We use satellite measurements to infer the atmospheric composition relevant to our work and for the evaluation of climate models. The European research satellite ENVISAT hosts the two main instruments MIPAS and SCIAMACHY. They are in a sun-synchronous orbit since 2002, at about 800 km altitude. ENVISAT is flying along the 10:00 and 22:00 local solar time line with an orbital period of about 100 minutes. In April 2012 the communication to the satellite was lost, but we have an almost daily global data set over ten years of atmospheric spectra.
The SCanning Imaging Absorption spectroMeter for Atmospheric CHartographY (SCIAMACHY) is a spectrometer with eight channels ranging from the UV (230 nm) to the visible range to the near infrared (2300 nm) with a resolution from 0.22 nm to 0.54 nm, but also 1.5 nm in one channel.
The Michelson Interferometer for Passive Atmospheric Sounding (MIPAS) range from 4150 nm to 14600 nm with a resolution from 0.11 nm to 1.33 nm. Both instruments' field of view are directed along the flight path, SCIAMACHY "looking" forward, and MIPAS scanning the backward direction. The orientation of the instruments allows us to validate the measurements against each other.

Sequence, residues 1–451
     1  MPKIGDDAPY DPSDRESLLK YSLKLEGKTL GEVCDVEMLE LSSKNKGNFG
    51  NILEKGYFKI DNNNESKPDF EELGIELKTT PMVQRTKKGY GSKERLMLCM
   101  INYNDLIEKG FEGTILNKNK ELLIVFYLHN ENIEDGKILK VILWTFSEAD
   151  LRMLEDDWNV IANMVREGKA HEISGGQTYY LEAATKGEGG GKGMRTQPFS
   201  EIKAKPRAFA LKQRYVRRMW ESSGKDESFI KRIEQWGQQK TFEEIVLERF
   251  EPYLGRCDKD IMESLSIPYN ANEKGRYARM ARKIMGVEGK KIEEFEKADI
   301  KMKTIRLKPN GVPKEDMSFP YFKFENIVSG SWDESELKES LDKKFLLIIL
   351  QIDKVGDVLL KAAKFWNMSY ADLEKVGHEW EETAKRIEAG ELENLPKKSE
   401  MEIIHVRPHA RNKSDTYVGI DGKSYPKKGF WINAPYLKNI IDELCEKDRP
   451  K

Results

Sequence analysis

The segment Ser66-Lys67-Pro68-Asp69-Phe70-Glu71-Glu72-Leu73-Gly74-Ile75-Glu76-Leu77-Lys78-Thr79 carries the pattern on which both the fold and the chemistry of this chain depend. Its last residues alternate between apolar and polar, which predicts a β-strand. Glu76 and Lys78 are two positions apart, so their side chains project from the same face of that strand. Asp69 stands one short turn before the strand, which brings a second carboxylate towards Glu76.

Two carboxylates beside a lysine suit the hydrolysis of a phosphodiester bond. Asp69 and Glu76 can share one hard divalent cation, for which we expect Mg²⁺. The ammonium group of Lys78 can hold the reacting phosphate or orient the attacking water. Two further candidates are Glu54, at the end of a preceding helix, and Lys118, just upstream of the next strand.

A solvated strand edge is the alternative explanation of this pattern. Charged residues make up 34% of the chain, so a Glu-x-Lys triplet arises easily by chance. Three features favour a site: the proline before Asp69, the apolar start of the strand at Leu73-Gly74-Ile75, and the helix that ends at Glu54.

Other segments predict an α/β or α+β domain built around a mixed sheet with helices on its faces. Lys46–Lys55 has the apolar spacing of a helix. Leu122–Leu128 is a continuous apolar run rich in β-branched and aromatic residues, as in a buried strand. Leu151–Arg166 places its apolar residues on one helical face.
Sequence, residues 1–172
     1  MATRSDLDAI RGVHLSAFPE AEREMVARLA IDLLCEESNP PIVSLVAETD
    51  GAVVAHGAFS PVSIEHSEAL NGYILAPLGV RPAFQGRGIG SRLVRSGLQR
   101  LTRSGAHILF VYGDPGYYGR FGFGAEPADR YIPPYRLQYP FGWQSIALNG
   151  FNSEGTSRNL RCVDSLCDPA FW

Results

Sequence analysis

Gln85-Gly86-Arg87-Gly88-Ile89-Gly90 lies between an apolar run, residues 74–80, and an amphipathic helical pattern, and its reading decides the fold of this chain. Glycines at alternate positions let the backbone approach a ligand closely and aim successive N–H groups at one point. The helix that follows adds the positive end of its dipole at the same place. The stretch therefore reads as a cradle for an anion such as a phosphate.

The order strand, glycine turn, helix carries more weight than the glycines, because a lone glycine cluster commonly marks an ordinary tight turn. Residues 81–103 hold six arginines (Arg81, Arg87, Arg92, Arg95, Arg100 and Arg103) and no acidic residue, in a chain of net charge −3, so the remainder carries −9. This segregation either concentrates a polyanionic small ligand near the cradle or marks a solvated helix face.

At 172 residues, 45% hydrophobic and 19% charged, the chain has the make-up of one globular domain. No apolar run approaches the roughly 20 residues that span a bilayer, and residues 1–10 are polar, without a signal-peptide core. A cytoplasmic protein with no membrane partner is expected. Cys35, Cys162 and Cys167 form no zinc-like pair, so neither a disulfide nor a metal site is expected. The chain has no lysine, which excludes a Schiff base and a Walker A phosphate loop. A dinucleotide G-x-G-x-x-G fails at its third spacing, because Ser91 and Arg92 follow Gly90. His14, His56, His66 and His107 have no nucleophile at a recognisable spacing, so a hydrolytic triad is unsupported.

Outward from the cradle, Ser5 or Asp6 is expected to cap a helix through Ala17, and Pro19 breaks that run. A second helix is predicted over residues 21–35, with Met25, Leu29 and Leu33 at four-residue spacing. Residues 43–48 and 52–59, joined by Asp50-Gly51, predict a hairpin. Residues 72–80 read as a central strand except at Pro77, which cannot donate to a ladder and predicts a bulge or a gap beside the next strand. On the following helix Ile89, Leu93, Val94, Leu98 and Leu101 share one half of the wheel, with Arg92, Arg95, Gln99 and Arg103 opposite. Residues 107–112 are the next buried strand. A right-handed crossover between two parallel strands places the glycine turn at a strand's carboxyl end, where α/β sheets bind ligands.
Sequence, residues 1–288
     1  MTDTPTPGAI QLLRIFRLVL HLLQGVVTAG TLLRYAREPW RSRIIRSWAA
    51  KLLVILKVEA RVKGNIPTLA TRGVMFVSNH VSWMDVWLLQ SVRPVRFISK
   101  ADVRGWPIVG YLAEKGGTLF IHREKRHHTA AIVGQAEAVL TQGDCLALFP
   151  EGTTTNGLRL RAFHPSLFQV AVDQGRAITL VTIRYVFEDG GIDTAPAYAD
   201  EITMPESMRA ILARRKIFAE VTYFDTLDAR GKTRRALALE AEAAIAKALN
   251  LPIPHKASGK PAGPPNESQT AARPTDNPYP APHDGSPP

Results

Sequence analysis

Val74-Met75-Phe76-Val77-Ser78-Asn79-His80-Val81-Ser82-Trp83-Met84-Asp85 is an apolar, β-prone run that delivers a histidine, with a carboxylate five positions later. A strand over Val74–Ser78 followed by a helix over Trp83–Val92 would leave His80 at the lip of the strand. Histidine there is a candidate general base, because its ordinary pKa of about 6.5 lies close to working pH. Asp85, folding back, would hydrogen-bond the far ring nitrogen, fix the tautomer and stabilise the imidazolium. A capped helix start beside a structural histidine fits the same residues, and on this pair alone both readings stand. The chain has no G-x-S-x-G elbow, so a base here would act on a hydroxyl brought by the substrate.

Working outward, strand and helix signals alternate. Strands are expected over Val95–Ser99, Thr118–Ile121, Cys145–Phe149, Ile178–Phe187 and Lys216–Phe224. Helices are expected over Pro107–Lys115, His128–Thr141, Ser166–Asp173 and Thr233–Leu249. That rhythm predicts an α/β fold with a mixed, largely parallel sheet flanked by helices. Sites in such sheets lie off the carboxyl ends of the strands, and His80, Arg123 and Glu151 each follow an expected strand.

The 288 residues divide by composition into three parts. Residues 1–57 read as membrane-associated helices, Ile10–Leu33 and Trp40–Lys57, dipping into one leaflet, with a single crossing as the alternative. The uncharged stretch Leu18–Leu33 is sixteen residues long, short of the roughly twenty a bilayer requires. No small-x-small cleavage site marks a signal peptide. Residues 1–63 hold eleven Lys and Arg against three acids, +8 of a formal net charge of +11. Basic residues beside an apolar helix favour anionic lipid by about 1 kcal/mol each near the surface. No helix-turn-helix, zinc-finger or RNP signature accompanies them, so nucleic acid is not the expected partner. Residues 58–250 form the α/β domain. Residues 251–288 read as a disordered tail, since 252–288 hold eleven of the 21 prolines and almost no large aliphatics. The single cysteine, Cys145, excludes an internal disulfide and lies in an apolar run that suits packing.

Both MIPAS and SCIAMACHY feature a measurement mode that scans the mesosphere and lower thermosphere (50...150 km), but in sparsely sampled time intervals. The MIPAS upper atmosphere (UA) mode was scheduled every 10 days, and the SCIAMACHY mesosphere and lower thermosphere (MLT) mode was scheduled every two weeks. This schedule, however, allowed simultaneous measurements of the middle atmosphere with both instruments once a month.
First results include the nitric oxide (NO) number density in the middle atmosphere from the SCIAMACHY UV spectra using the NO gamma bands. We achieve a vertical resolution of about 5 to 10 km and our results are in line with the results from MIPAS and from other instruments measuring the NO density in that atmospheric region.